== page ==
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Vedder Thinking | Articles SEC Adopts New Rule Governing Funds’ Use of Derivatives


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On October 28, 2020, the SEC adopted, by a 3-2 vote, new rule 18f-4 under the Investment Company Act of 1940—a new rule governing the use of derivatives by mutual funds, closed-end funds, ETFs and business development companies (the Rule). As adopted, the Rule reflects changes to the SEC’s initial proposal in December 2015 and subsequent re-proposed rule in November 2019, and represents a comprehensive overhaul of the current regulatory framework governing the use of derivatives by registered investment companies.

The Rule will permit a fund to enter into derivatives transactions, notwithstanding the prohibitions and restrictions on the issuance of senior securities under Section 18 of the 1940 Act, subject to the following conditions:

  • Derivatives Risk Management Program. Funds—other than those that are limited derivatives users—must adopt and implement a written, multifaceted derivatives risk management program (DRMP) with, among other things, policies and procedures reasonably designed to manage the fund’s derivatives risks, and risk guidelines reflecting how the fund’s use of derivatives may affect its investment portfolio and overall risk profile. A fund’s derivatives risk manager (DRM) will be required to periodically review the DRMP, at least annually, to evaluate the program’s effectiveness and to reflect changes in risk over time.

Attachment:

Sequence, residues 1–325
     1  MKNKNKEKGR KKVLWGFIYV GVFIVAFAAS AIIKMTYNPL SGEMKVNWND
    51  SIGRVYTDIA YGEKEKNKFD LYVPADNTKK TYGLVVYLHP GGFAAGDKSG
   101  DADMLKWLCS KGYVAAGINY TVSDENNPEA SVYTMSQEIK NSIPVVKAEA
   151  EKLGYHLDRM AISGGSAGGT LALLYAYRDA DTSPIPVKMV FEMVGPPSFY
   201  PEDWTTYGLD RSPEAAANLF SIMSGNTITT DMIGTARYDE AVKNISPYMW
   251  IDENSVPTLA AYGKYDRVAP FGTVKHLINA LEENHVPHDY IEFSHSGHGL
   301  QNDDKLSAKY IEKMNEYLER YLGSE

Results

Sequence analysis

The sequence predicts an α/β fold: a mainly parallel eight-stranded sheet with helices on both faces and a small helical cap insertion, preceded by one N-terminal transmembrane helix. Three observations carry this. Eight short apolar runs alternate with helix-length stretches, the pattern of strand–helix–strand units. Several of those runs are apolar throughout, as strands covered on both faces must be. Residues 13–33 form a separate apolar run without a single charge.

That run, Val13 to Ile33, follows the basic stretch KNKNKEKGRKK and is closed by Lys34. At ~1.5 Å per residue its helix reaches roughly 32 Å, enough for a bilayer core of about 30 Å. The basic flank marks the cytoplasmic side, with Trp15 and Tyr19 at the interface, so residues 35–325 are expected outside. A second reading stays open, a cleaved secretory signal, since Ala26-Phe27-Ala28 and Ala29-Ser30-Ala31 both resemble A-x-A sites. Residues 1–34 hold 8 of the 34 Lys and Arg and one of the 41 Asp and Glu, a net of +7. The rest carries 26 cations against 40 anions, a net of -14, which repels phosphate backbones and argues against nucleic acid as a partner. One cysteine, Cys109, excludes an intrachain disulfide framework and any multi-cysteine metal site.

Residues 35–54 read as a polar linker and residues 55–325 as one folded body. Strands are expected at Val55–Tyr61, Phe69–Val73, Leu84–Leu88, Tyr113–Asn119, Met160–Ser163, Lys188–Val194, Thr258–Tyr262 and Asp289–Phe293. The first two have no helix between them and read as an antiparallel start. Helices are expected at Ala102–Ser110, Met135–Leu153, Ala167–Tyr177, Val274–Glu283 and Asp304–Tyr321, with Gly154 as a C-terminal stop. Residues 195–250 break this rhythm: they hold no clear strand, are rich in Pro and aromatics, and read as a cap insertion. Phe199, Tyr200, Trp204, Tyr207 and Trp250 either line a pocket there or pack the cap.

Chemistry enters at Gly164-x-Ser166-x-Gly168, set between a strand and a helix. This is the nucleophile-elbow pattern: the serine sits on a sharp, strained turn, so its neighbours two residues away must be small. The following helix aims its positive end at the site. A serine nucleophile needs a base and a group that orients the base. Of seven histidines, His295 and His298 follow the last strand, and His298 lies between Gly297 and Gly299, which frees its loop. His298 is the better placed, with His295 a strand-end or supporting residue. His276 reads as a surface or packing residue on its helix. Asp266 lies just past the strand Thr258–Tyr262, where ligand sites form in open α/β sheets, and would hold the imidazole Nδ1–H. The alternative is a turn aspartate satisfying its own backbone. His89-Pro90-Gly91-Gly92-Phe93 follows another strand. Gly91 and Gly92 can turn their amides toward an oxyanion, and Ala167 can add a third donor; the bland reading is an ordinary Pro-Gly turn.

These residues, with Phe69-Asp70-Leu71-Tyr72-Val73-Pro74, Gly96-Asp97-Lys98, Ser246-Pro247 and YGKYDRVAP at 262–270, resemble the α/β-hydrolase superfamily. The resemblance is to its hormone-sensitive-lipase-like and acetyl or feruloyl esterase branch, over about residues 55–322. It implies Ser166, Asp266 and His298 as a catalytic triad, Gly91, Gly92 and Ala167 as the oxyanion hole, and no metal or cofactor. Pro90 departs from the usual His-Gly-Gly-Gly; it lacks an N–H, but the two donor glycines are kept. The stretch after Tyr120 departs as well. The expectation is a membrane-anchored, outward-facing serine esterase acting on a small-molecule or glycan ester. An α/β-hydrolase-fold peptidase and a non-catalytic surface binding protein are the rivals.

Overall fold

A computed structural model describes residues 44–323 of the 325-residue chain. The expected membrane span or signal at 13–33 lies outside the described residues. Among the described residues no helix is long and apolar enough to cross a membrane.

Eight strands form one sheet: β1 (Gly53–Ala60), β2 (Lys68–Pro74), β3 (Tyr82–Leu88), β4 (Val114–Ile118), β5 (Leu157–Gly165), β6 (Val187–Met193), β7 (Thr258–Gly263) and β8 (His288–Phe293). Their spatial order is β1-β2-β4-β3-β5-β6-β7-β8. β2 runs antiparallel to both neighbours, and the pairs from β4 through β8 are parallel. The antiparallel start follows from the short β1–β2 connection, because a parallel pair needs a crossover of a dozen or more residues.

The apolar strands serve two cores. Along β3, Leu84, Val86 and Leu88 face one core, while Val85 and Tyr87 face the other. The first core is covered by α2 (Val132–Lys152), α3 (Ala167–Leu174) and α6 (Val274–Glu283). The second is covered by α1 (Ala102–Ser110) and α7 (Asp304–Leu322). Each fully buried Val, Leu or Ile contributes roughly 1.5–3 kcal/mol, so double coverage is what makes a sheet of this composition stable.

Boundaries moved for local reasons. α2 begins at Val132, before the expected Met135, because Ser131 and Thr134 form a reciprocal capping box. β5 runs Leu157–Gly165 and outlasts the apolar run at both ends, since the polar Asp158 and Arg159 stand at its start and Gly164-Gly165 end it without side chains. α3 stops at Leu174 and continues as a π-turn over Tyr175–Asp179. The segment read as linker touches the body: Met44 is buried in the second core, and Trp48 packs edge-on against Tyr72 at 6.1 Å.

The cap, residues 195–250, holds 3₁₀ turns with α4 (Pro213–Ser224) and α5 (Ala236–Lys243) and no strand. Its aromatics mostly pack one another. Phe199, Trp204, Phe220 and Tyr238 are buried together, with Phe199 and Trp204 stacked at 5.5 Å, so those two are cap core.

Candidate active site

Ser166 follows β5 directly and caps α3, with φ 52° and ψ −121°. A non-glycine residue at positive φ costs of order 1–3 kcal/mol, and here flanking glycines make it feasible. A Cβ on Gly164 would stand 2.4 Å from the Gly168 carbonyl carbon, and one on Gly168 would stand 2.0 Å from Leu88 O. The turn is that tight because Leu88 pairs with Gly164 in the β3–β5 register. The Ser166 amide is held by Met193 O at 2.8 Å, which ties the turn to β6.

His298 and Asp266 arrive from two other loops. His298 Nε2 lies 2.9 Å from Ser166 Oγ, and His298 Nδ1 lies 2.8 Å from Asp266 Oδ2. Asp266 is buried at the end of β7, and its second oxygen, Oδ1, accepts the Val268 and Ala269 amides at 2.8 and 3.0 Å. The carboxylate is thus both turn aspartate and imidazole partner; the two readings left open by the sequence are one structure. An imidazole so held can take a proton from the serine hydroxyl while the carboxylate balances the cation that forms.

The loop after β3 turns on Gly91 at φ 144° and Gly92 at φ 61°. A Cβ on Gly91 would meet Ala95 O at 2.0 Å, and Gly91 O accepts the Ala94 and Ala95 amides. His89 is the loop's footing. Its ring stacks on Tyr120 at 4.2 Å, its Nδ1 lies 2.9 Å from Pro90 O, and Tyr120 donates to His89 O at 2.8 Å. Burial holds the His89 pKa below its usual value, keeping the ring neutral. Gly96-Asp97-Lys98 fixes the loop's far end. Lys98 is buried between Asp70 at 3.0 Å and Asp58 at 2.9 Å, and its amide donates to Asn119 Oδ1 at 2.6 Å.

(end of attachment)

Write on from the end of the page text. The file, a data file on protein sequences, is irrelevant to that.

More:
• Limit on Fund Leverage Risk. A fund engaging in derivatives transactions must comply with an outer limit on leverage based on a comparison of the fund’s value at risk (VaR) to the VaR of a “designated reference portfolio” for that fund—referred to as the “relative VaR test.” In a change from the SEC’s November 2019 proposal, a designated reference portfolio may be either an index that meets certain requirements, or, for an actively managed fund, the fund’s own securities portfolio (excluding derivatives transactions). If—in considering the fund’s investments, investment objectives and strategy—the fund’s DRM reasonably determines that a designated reference portfolio would not provide an appropriate reference portfolio for purposes of the relative VaR test, the fund would be required to comply with an “absolute VaR test” instead.
  • Board Oversight. A fund’s board of directors must approve and oversee the fund’s DRM, who will be responsible for administering the fund’s DRMP. However, unlike the liquidity risk management program required by Rule 22e-4 under the 1940 Act, the board does not need to approve the DRMP itself. The fund’s DRM—who generally must be an officer of the adviser but not a portfolio manager (if a single individual serves as DRM)—is required to report to the fund’s board on the implementation and effectiveness of the DRMP and the results of the fund’s stress testing.

Other elements of the Rule and related amendments adopted by the SEC include: